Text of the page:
Insurance companies in India are consequently directing their strategies towards increasing customer satisfaction and loyalty through improved service quality. It is becoming desirable for insurance companies to develop a customer centric approach for future survival and growth. The awareness has already dawned that prompt, efficient and speedy service alone will tempt the existing customers to continue and induce new customers to try the services of the company.


Faced with the unprecedented challenges of troubled financial markets, changing regulatory oversight and economic uncertainty, there is a risk that some insurers may not be listening and responding to the most important voice of all — that of their customers. For any insurer hoping to navigate through this difficult time, understanding how customer behaviors and attitudes are changing is critical. Previous assumptions and received wisdom about customers may no longer be reliable, and those insurers who are able to respond best to what customers want now are most likely to succeed. Customers want products, and the purchasing process, to be simple and transparent so that they can understand what they are buying.


They want to build long-term relationships with insurance providers based on trust, and to have confidence that the products they are buying are right for them and meet their needs. 



We need to consider the situations on that we may practice the Gift Formula. As per the prracticed theory of the Gift Formula focus particularly on certain steps one through four until we (at least the people positioned in the front office of all the operating offices of the insurers) become fluent in the language of the Gift Formula, it would be best to practice with another person so you can experience being on the receiving end of this language as well. Hearing someone thank you for a complaint may be the best way for anyone of us to understand how powerful the Gift Formula is. Practice these examples (or use others relevant to your particular organization) as many times as it is necessary until we feel comfortable with this approach and the words come easily.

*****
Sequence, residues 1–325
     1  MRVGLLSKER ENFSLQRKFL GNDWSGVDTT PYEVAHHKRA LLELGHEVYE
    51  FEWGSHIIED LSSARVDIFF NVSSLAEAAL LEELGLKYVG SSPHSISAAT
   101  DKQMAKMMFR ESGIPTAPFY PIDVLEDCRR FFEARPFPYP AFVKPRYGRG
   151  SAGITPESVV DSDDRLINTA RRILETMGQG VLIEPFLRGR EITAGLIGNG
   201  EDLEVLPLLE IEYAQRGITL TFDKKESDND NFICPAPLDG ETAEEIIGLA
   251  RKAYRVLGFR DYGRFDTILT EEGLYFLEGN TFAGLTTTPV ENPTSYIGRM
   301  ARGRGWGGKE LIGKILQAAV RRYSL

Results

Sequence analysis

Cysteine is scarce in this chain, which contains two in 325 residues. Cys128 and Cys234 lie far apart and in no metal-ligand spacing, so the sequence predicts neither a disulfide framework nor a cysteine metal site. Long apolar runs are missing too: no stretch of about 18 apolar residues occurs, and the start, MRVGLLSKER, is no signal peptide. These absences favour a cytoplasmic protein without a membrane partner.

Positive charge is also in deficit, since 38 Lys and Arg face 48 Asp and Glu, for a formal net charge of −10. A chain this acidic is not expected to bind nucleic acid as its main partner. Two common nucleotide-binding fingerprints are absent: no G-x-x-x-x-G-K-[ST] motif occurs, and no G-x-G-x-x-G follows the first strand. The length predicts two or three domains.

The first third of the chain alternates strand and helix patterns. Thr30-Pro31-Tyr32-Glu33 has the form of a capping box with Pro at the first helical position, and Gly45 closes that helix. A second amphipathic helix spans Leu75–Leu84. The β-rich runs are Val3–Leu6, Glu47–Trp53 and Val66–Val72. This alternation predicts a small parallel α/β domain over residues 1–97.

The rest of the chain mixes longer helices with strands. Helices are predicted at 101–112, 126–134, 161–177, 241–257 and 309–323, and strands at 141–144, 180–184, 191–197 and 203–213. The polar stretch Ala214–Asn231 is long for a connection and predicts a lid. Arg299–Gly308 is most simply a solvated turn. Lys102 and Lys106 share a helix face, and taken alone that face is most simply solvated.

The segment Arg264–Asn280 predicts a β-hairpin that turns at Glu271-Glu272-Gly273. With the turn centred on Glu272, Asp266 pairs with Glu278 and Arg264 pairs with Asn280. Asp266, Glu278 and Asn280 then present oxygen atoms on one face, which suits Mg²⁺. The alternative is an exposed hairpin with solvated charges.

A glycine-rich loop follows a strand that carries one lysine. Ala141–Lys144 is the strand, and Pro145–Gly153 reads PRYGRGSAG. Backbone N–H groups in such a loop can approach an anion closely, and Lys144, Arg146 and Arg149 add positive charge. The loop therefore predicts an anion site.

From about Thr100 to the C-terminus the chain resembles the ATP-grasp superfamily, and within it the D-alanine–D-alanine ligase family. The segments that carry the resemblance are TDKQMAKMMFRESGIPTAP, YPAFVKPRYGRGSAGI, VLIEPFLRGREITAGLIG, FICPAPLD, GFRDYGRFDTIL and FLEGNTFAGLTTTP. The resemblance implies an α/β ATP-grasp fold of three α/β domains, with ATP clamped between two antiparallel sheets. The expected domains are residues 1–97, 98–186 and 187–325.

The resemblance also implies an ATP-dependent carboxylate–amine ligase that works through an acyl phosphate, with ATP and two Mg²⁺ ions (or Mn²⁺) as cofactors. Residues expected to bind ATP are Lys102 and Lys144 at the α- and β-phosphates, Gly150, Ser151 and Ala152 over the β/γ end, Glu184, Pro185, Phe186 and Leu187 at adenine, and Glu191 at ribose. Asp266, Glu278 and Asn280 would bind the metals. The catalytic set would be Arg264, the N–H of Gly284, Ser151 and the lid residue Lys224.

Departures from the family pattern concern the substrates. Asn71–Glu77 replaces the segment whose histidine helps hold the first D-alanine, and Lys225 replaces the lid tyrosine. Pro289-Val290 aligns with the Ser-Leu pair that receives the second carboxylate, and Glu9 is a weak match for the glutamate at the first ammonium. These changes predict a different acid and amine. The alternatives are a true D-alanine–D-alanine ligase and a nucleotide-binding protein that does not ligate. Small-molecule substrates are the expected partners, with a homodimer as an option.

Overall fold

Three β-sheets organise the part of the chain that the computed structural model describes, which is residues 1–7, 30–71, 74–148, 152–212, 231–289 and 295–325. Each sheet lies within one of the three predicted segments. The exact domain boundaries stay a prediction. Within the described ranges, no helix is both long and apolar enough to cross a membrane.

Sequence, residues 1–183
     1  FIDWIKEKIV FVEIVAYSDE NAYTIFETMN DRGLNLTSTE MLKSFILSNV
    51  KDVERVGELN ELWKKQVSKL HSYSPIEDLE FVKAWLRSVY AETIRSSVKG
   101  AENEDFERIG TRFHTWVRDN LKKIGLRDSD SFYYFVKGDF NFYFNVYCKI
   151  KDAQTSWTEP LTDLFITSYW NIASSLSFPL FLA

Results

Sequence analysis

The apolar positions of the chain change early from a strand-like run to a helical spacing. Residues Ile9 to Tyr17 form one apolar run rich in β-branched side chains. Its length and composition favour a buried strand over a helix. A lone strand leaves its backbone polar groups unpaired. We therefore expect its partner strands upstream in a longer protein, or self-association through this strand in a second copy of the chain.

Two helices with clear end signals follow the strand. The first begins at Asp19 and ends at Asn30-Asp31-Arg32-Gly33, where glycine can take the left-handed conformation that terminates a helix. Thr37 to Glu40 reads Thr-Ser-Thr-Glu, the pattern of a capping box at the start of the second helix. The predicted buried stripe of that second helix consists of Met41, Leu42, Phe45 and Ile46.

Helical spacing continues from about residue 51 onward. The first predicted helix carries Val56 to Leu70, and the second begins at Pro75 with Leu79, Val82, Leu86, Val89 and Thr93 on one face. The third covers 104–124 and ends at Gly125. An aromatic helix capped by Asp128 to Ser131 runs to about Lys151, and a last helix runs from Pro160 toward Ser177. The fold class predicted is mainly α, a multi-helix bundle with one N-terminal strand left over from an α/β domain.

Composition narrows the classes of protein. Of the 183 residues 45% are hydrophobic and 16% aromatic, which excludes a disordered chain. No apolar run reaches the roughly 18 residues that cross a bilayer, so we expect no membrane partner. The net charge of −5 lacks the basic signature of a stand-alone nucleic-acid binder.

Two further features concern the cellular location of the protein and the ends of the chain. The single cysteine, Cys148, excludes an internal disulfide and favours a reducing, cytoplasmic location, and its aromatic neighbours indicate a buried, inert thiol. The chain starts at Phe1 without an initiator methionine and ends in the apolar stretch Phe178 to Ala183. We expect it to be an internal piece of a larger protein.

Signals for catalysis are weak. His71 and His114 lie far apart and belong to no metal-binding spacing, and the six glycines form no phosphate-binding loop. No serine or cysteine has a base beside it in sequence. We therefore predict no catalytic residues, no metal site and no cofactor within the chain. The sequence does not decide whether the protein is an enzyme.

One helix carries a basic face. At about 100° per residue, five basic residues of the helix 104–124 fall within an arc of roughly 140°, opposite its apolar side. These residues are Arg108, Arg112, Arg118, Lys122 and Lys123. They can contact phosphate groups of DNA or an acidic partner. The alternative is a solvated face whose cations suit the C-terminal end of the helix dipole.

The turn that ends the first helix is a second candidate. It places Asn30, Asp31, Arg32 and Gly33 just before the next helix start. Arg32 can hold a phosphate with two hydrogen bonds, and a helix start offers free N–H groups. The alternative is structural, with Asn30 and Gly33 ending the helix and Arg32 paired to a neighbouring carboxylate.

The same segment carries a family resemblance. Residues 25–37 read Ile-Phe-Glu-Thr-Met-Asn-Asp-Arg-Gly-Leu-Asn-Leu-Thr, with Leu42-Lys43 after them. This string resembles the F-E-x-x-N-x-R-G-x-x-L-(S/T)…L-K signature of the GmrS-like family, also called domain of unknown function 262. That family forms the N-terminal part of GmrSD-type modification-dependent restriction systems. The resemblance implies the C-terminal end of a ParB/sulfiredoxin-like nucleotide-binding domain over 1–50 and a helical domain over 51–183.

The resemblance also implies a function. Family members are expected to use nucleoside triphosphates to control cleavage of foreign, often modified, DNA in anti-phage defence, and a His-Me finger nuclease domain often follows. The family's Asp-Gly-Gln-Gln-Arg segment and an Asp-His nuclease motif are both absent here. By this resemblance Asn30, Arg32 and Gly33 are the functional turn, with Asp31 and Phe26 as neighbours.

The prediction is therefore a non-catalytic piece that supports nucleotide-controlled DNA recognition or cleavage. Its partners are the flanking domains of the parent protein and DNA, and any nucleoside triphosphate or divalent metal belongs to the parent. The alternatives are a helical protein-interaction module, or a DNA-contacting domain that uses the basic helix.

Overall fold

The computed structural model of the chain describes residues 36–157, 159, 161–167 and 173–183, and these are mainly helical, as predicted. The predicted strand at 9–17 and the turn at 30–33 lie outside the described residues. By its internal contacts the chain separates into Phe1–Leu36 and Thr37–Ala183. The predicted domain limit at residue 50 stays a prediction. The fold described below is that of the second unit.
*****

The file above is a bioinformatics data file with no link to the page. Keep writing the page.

If you start teaching & preaching this Gift Formula to your staff or subordinates without explaining the philosophy behind it, the formula will make no sense. Then you need to go vividly through the “Eight Step Gift Formula”, and finally give your peer groups or the subordinates an opportunity to practice the formula with each other using the practice examples below:

On the phone: “The insurance policy I have taken it yet to be delivered.”


In person: “I called your telephone operator and she gave me the wrong instructions on how to get your office. I’ve been drivining for half an hour around the Bandra-Kurla Area.”

On the phone: “I just got my policy copy and found my name / address in wrongly mentioned therein. You are so callass / careless even printing the policy copy.”

In person: “I have already paid for my Mediclaim Policy two months back but when I may expect the TPA Id Card from your so reputed TPA – May I really expect any cashless benefit in future in case of my exingency?” 


In person: “ I’ve been waiting in this counter for 10 minutes – you need more person at the counters / the check-out stands.”

On the phone: “I’m really mad. This is the third time I’ve been put on hold and made to wait for more than 10 minutes. I want to talk your General Manager.”


In person: “Your premium rate is too high. I don’t see why I should pay so much when I know others have a better deal.”

On the phone: “I just got the second bill from your company. I knowI already paid this.”

In person: “ I have forgotten to tell you there’s something to be changed in the Policy Schedule of the Fire Policy we just received from your office.”

On the phone: “Just now I have seen the blust of Ammonia Storage Tank in our office and a fire has taken place here.”

In person: “There’s someone smoking in the non-smoking section. You need to do something about that.”

On the phone: “ Your company told me that someone from your office would be sending my claim proceeds, since I have dispatched the Discharge Vourcher duly signed for full & final settlement of my Money Policy last month.”

Once you, the practitioner of the “Eight Step Gift Formula” feel comfortable with these examples, you also need to take some real life examples of the type of complaints you hear in your own business spheres, and practice the Gift Formula until you feel absolutely comfortable with its use. The author here is only giving the initiation of thinking about practicing the  Gift Formula – the rest depends up on the mission, vission & objectives of the Grievance Resolution Policy as adopted by the individual insurers in this Indian Market and the keen interest of individuals working in Indian Insurance Sector.

References: Various resource materials as collected from web-sites / contemporary articles as read from time to time.

Author-Anabil Bhattacharya